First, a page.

New York News
Spooked carriage horse off streets for a week
NEW YORK (WABC) -- The carriage horse that took off with two tourists aboard and injuring its operator will rest for a week, until a veterinarian determines whether or not the horse can go back to work.
If "Oreo" the horse cannot go back to work he will be forced to retire. A number of people have already offered to give the horse a new home.
Something spooked the horse just as the operator climbed in the carriage on Thursday.
It caused the animal to take off running, putting the passengers and the operator in the hospital.
"The horse took off. All the way towards 10th Avenue," said Leon Zaid, a witness.
"It was very scary, I felt frightened for the people. It was very frightening, like boom, right out of the blue. I've never seen anything like it," said Deborah Stevenson, a witness.
The horse bolted from Columbus Circle on 60th, then down 9th, hitting a double parked livery car on Thursday.
Police and passenger-bys stopped him at 57th, the exact route the horse takes to get back to the Clinton Park Stables after a day's work.
As the split in two carriage was pulled off a flatbed, a worker confirmed the horse was checked out by his vet and by ASPCA investigators.
"He broke his leg. The horse is perfectly fine," the worker said.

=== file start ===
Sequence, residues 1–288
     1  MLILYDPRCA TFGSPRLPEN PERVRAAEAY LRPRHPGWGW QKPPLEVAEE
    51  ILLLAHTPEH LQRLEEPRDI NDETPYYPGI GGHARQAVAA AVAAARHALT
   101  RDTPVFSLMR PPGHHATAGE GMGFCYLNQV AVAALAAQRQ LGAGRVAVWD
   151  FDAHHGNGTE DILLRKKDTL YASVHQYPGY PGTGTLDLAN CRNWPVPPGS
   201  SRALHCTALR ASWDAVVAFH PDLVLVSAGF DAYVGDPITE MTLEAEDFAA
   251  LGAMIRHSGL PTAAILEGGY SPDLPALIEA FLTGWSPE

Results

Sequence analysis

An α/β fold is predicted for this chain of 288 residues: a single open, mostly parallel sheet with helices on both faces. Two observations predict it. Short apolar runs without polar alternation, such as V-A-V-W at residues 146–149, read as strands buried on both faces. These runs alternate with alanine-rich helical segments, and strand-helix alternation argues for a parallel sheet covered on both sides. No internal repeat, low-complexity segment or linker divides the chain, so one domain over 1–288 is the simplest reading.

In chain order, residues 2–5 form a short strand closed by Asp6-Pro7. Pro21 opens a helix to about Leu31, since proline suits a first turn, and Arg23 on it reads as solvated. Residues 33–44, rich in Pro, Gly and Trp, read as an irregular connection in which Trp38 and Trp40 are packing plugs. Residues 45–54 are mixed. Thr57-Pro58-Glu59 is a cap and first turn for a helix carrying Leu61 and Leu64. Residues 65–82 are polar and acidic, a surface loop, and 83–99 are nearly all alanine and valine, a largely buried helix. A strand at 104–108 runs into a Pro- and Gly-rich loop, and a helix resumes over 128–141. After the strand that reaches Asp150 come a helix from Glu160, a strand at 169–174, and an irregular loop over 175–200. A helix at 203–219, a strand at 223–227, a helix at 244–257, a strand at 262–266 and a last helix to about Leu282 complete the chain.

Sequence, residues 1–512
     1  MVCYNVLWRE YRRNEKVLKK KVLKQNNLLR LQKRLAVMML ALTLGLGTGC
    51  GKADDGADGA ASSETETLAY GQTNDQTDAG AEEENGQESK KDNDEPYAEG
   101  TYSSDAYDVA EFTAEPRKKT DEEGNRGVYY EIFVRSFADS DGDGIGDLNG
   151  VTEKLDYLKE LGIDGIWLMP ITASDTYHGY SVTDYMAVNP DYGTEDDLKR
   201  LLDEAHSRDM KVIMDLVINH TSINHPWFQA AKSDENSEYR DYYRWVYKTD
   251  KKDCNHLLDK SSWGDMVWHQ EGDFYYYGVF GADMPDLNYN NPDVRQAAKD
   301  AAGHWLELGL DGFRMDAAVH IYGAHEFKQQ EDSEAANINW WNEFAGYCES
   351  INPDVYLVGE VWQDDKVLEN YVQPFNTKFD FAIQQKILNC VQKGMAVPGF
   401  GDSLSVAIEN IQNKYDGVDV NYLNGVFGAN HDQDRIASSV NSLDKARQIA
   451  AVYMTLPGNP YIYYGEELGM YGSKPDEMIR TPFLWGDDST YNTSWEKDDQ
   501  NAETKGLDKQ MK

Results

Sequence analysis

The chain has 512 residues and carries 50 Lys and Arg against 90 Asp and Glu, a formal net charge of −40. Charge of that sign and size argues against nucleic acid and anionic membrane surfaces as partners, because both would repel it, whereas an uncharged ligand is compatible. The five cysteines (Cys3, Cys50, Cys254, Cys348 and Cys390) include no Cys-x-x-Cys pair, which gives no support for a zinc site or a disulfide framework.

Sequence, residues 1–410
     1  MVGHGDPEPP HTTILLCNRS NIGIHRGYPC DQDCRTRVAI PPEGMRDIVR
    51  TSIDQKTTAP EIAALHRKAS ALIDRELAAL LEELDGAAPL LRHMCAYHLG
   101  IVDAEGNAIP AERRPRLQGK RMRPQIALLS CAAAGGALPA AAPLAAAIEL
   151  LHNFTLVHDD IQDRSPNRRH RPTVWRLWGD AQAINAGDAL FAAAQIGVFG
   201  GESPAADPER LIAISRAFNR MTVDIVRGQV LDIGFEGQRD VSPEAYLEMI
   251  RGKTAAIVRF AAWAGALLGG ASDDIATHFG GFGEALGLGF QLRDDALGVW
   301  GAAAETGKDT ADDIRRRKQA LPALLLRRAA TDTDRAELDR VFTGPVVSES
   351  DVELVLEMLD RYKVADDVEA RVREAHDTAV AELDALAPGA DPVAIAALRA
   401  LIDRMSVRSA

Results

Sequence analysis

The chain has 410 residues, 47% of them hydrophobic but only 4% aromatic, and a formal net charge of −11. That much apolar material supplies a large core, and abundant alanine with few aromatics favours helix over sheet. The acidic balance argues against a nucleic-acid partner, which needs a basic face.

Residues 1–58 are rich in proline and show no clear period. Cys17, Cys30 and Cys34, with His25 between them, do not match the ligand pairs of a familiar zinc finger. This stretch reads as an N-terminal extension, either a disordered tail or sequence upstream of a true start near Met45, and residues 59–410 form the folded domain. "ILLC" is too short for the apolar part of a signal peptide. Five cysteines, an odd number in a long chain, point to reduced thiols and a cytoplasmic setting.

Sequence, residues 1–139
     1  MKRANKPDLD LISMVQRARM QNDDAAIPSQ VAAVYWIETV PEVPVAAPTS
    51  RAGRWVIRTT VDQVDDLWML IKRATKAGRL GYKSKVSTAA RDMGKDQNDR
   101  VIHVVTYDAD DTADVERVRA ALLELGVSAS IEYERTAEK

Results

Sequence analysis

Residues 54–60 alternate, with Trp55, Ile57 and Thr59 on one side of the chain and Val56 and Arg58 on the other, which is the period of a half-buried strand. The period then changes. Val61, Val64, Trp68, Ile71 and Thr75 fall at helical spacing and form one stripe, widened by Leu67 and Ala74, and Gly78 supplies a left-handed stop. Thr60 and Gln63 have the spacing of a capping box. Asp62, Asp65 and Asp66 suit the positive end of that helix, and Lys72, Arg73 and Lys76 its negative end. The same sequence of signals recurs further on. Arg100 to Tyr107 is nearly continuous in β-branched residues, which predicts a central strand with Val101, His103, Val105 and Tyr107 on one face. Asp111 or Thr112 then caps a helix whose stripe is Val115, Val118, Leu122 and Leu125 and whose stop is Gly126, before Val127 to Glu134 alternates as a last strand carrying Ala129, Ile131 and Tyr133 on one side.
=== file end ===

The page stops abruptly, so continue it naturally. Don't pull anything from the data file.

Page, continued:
This accident has sparked a 30-yaer-old debate between groups like the Horse and Carriage Association of New York City and NYCLASS, New Yorkers for Clean and Safe Livable Streets.
Should these animals be in busy and bustling New York City streets?
"It's the 12th accident this year. It's only a matter of time before someone gets seriously injured. The horse and buggy is from another time. It's time to put these horses out to pasture," a NYCLASS spokesperson said.
"To ban the horses and carriages is one side. The horses are adapted to New York City. We take very good care of these horses. We are one of the safest equestrian pursuits there is," said Christine Hanson, a spokesperson for the Horse and Carriage Association.
The Dept of Consumer Affairs, Health and ASPCA all oversee the horse carriage industry. Thursday's incident is under investigation.
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